Please direct inquiries about our graduate program to:

grad@math.lsu.edu

# Brief Introduction to Control Theory

## Contact

Members of the control group include G. Ferreyra, J. Lawson, M. Malisoff, P. Sundar, and P. Wolenski. The group cooperates with the larger LSU Systems and Control Group which includes faculty from the LSU departments of electrical and mechanical engineering. The concept of control can be summarized by saying that one seeks to influence a dynamical system in order to achieve some desired goal. The dynamical system in mathematical control theory is usually a system of differential or difference equations that depends on a set of parameters, where the parameters are the "control" variables. The idea then is to find these control variables so as to minimize (or maximize) a given objective function, to stabilize the system, or to move the system to a desired destination.

Faculty members at LSU are primarily interested in deterministic and stochastic optimal control theory in discrete and continuous time. Research interests include topics from systems theory, optimization, partial differential equations, and stochastic processes. The control group is also closely involved in the applied and interdisciplinary initiatives being developed in the department.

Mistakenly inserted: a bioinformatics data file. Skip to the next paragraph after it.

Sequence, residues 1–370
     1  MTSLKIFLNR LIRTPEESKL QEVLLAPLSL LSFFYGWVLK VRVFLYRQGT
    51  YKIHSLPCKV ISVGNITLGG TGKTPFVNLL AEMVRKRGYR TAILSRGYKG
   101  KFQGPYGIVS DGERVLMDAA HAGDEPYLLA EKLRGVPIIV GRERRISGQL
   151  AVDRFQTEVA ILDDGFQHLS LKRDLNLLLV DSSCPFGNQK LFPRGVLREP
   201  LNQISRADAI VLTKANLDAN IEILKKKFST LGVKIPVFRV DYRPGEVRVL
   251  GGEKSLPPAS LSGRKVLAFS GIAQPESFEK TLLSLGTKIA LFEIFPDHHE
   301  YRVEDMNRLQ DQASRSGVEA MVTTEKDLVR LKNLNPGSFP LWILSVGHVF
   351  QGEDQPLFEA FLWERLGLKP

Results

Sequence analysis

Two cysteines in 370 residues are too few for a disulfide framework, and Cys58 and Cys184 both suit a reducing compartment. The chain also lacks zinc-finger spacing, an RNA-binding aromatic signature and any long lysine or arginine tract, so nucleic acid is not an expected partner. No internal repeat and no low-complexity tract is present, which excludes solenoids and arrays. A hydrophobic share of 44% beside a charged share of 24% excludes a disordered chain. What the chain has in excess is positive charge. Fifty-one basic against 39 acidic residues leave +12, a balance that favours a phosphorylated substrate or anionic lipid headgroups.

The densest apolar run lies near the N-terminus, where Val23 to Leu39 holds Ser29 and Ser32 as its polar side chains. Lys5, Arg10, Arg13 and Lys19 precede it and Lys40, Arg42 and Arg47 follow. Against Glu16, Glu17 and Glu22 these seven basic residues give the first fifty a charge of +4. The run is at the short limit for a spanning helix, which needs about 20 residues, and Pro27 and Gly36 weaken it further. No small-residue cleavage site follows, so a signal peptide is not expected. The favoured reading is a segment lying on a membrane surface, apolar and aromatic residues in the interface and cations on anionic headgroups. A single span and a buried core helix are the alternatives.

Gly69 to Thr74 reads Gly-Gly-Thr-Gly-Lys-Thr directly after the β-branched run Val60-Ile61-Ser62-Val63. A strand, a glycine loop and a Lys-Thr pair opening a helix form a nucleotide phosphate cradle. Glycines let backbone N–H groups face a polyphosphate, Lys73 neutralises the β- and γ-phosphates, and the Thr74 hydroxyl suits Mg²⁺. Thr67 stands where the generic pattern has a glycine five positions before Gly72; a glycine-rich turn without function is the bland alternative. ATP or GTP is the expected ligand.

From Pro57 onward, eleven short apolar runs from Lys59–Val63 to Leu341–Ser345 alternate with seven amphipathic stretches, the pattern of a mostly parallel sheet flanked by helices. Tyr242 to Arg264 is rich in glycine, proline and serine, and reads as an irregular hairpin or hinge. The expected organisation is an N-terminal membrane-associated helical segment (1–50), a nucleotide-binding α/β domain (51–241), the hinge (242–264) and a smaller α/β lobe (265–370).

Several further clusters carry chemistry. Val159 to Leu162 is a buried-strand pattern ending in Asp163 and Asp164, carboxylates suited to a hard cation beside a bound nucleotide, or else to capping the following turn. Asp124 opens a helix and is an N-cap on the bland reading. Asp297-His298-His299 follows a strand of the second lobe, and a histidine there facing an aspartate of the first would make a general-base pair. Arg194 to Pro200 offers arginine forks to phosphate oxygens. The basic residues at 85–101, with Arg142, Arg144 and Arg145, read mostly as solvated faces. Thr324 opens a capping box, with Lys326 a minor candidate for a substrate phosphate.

More specifically, research methods include (a) non-smooth and convex analysis (see "Non-smooth Analysis and Control Theory" by Clarke, Ledyaev, Stern, and Wolenski) (b) partial differential equations and Hamilton-Jacobi theory (see "Controlled Markov Processes and Viscosity Solutions" by Fleming and Soner), (c) probability theory (see "Stochastic Analysis, Control, Optimization and Applications: A Volume in Honor of W.H. Fleming, W.M. McEneaney, G. Yin, and Q. Zhang (Eds.), (d) geometric methods (see "Differential Geometry and Control", G. Ferreyra et al.), (e) Lie semigroup theory, and (f) stabilization (see "Mathematical Control Theory, Second Edition", by E. Sontag).

Members of the group have been involved with developing interdisciplinary and industrial programs. These include (1) instituting the new Master's Program in Mathematics with a concentration in Finance, (2) developing a Master's Degree in Mathematics with a concentration in Applied Mathematics, (3) organizing projects for the Mathematics Consultation Clinic (which brings real world mathematical problems from industry to the Math Department), and (4) running an internship program with a local company. A new PC lab has been created by several members of the group to support research projects and the Math Clinic.